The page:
Fragment of original anaglypta paper dado mounted on card and fixed with metal staples. Dimensions: 678 x 605 mm. Green and burgundy Art Nouveau design in relief with unpainted sections at the top and bottom of the fragment. Fragment is discoloured and damaged in places. Fragile condition.
This fragment of an anaglypta paper dado was found in Building A, Sydney Technical College, Ultimo. It was discovered in late 1987/early 1988 when workers from the NSW Public Works Dept. removed timber panelling in the Superintendent's Office and found a large section of dado and a frieze featuring stylized orange flowers above the dado. It is possible that the dado and frieze were produced by college students.1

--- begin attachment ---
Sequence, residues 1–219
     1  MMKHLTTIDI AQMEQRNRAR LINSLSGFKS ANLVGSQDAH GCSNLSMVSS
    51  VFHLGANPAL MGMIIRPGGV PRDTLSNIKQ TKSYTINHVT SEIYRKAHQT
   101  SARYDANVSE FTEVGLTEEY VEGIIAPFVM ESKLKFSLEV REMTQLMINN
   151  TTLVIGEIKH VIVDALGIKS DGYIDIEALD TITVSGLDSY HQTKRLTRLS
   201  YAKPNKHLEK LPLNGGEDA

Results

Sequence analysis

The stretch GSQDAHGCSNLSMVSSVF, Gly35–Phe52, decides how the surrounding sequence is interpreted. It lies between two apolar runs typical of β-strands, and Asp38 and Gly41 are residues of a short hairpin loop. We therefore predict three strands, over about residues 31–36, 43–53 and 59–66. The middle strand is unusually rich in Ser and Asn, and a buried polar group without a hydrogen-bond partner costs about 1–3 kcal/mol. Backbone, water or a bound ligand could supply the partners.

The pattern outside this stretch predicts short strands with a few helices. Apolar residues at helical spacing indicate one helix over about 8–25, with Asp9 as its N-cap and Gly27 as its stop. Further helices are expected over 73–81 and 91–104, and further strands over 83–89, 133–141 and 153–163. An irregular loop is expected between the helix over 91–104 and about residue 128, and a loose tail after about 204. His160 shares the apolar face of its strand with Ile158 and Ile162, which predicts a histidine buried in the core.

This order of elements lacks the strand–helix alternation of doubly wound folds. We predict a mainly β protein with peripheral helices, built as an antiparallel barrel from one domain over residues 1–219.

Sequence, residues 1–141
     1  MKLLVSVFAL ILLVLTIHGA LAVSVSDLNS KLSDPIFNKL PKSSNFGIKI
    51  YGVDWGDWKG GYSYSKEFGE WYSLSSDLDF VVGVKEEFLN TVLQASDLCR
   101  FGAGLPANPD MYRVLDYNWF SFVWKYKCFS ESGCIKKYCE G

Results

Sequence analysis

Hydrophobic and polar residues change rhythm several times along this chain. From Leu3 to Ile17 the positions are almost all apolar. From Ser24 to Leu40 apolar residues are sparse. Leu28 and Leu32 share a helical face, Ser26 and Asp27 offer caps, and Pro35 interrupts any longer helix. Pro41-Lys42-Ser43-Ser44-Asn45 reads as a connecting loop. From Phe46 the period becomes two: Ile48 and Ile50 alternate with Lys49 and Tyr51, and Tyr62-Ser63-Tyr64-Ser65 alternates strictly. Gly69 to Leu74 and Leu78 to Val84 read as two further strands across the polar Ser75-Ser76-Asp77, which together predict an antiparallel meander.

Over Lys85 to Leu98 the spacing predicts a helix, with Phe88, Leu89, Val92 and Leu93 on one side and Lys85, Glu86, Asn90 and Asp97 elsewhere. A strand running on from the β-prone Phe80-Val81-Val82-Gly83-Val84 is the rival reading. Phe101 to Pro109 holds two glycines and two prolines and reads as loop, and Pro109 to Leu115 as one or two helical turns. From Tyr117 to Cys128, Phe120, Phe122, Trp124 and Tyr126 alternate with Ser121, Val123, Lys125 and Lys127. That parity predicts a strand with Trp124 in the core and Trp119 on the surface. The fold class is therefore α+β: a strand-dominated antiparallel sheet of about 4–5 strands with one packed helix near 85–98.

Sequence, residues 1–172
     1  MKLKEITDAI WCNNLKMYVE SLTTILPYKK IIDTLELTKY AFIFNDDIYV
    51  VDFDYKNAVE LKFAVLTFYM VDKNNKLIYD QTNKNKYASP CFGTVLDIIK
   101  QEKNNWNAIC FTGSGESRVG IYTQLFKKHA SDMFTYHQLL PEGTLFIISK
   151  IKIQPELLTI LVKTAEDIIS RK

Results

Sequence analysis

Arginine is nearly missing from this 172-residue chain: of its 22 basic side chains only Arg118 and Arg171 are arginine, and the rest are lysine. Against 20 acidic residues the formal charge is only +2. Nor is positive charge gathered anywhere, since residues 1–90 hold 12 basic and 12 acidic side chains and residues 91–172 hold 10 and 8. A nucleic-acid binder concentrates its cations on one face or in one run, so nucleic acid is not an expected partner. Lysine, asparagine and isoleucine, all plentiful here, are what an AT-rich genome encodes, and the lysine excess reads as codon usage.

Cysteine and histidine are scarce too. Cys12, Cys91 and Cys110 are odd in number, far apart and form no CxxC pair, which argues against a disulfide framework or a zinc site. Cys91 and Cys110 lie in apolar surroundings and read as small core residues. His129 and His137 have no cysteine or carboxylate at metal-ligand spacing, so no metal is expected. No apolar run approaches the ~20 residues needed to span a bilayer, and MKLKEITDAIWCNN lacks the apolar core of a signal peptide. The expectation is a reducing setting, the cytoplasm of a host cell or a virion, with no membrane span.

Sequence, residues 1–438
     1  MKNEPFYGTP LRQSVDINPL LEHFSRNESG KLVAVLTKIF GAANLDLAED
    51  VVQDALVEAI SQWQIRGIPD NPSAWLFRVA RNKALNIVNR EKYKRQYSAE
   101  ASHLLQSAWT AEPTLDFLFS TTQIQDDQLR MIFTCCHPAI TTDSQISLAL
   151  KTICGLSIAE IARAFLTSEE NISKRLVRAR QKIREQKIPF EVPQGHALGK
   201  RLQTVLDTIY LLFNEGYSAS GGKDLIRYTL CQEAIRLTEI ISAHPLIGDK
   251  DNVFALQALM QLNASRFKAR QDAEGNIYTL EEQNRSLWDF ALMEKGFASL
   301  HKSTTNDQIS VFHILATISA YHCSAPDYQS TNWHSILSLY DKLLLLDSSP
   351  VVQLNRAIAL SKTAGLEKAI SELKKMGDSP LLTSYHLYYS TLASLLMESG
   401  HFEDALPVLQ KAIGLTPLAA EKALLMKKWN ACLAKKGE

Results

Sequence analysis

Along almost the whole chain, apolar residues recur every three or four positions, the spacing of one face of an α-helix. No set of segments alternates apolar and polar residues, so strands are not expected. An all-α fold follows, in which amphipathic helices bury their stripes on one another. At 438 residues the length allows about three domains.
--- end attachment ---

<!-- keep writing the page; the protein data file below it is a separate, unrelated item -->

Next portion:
"Anaglypta" comes from the Latin meaning carved in relief or embossed. Anaglypta paper was invented by Thomas J. Palmer and first manufactured in England in 1886. The product was launched at the Manchester Jubliee Exhibition in 1887. It was made from cotton fibre pulp and could be sized, painted and cleaned. Anaglypta was often used as a substitute for traditional relief decorations in fashionable houses and public buildings in the late nineteenth and early twentieth centuries. 2
1. 'Etched in time' (1988) TAFE New South Wales : newsletter of the New South Wales Dept. of Technical and Further Education, April 1988, p11
2. Hoskins, Lesley (ed.) (2005) The papered wall : the history, patterns and techniques of wallpaper. New & expanded ed.. Thames & Hudson, London pp. 156-157.
Prop drawer 6, Library
wallpaper, anaglypta, Sydney Technical College, dado